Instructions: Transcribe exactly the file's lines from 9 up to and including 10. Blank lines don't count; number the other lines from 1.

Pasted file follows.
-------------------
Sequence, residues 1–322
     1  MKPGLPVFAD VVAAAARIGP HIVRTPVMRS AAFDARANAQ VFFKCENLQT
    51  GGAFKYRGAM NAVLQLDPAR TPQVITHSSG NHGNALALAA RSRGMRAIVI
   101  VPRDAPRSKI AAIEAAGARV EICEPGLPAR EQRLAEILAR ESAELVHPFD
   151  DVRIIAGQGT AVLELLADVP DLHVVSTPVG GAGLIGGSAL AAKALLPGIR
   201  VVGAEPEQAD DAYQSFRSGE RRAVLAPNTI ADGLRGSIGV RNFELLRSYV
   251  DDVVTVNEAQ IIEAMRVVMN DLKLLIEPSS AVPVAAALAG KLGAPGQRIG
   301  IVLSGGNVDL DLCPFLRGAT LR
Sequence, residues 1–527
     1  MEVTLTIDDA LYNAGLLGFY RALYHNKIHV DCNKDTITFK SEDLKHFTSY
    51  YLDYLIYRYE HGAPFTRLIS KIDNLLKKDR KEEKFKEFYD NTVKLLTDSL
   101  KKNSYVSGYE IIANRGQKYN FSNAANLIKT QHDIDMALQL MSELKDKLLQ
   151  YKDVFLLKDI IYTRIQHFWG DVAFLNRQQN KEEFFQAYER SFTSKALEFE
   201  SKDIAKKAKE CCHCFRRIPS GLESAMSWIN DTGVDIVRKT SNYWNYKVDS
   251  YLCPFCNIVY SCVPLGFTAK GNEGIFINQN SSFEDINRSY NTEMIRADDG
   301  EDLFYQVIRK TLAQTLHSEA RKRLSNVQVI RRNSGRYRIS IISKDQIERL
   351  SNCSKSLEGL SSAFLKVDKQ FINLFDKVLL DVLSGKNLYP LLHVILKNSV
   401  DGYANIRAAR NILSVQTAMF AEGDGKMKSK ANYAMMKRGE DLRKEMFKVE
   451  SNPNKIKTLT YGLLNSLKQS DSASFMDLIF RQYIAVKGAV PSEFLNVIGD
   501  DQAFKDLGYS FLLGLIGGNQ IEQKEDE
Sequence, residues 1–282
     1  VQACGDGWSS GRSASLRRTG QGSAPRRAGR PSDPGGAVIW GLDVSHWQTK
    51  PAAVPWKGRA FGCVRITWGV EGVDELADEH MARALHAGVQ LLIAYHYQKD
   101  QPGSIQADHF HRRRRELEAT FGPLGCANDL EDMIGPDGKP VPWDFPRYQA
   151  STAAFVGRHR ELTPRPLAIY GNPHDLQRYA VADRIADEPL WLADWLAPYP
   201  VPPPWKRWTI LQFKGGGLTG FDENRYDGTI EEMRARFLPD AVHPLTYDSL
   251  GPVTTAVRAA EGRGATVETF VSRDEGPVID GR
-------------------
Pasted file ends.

Sequence, residues 1–527
     1  MEVTLTIDDA LYNAGLLGFY RALYHNKIHV DCNKDTITFK SEDLKHFTSY